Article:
Sure, it’s easy to speak to your day-to-day tasks and accomplishments during an interview, but the true test comes when asked tougher interview questions. Both the way you answer the question and the answer itself are important. Here are some potential questions Brady and Manning could get asked during a job interview, and how they could answer them successfully.

  • Loyalty/commitment to a company: Brady was drafted to the New England Patriots in 2000 and hasn’t left the team since, and although Manning was drafted to the San Diego Chargers, he was immediately traded to the New York Giants, his current team. So both Brady and Manning could speak to their commitment and loyalty, having worked for only one organization. That is rare in today’s workforce and could help them stand out in an interview.
  • Flexibility: Flexibility is a quality that many employers look for in a candidate, given today’s up-and-down economy. Employers want someone who can easily adapt to changing situations and is open to taking on a variety of tasks, even if outside his main responsibilities. Finfer notes that both Brady and Manning receive scrutiny, being two of the highest-profile players in the league, so they’ve learned to roll with the punches. In addition, Finfer notes that they’ve both handled frequent roster changes well — something that could easily shake up a team — and have been able to sustain success.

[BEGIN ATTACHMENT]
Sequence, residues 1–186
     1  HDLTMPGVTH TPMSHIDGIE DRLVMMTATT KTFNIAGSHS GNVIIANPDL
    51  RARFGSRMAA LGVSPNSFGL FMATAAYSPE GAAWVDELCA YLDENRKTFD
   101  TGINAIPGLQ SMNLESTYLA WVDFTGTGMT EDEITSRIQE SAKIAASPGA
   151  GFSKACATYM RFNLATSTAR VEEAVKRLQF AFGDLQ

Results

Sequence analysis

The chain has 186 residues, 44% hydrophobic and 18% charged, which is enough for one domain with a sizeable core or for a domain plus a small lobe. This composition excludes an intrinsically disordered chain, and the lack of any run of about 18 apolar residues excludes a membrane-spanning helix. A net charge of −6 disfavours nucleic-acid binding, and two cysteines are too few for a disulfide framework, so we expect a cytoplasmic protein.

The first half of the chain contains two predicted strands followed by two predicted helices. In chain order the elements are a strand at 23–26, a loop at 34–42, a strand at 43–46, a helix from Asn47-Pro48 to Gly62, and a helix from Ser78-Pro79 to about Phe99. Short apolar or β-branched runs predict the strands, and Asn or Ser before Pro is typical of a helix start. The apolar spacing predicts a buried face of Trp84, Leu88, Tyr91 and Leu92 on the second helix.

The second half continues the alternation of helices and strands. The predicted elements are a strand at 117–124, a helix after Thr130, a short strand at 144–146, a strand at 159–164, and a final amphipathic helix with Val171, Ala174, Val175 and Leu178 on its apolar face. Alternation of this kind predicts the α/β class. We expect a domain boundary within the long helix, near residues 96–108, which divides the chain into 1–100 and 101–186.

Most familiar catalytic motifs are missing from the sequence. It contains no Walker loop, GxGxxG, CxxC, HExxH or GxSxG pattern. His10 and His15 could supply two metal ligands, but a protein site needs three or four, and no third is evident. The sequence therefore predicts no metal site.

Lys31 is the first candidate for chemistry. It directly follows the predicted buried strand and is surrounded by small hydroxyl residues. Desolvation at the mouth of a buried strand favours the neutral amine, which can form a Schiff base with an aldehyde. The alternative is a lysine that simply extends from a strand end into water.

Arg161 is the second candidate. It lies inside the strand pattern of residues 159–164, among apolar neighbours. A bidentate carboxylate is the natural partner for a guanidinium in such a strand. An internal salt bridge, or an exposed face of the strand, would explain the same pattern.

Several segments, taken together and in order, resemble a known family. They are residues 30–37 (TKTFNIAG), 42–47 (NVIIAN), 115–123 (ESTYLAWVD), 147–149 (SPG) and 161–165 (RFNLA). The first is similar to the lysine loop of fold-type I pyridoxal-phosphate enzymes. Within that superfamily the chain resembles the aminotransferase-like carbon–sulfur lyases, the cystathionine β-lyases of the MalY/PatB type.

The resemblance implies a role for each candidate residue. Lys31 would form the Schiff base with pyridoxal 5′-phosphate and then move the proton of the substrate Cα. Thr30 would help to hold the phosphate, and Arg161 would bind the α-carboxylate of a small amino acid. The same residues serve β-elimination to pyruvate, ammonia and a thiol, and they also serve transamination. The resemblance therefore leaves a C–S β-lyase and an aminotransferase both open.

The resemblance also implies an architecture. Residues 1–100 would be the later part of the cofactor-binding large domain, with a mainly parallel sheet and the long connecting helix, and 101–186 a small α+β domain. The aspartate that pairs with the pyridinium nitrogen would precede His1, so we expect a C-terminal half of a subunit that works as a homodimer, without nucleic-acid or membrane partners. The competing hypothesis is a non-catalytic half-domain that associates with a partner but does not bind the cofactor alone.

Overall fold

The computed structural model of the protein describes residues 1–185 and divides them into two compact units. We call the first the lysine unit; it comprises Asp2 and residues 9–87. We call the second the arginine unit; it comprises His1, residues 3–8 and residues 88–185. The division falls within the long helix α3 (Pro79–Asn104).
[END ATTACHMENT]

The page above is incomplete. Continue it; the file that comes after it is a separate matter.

• Overcoming adversity: Employers also like to hear examples of how a candidate handled a difficult situation and persevered. Manning could speak to how he comes from a family of famous football players, so he’s had to prove his own worth and come out from under his successful family’s shadow. Brady could talk about his knee injury – how he dealt with it without letting it get him down and eventually led his team to another national championship game.
  • Learning from mistakes: Finfer says some people believe Manning has made mistakes on the field, but instead of letting it faze him, he’s been able to learn from them and move on. Everyone makes mistakes on the job once in awhile, so job seekers shouldn’t be afraid to address those errors. What employers want to see is what lesson the candidate took away and how it made him a better employee.

Networking and references
Networking is a key part of the job search, because it helps you establish relationships with contacts that could lead to a job opportunity. Manning already has an established network, given his family connections, but it would still be helpful for him to go out on his own and meet new people so he can build relationships that are his alone. When seeking job references, you want to enlist people with whom you’ve worked closely, so they can speak to your specific skills and accomplishments. Finfer notes that Brady has a great relationship with his boss, head coach Bill Belichick, so that would be a good reference pick for him.

Both Brady and Manning have the qualities of a star quarterback, so either one could lead his team to victory this Sunday. And hey, if football doesn’t work out, at least we know they’ve got what it takes to conduct a successful job search.